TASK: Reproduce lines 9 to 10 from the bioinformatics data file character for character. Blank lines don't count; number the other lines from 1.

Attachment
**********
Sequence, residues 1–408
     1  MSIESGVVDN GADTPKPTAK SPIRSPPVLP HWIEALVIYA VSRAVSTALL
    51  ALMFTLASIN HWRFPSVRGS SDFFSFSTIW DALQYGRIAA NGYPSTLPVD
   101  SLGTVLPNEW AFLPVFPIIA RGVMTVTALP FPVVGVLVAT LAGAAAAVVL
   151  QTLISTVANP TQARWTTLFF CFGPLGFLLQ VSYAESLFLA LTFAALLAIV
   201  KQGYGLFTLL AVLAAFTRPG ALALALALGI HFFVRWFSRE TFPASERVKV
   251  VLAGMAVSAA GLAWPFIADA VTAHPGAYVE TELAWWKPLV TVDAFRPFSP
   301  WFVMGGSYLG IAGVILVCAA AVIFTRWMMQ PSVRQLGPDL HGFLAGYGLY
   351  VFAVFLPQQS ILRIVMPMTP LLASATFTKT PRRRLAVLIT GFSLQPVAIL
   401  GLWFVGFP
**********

   351  VFAVFLPQQS ILRIVMPMTP LLASATFTKT PRRRLAVLIT GFSLQPVAIL
   401  GLWFVGFP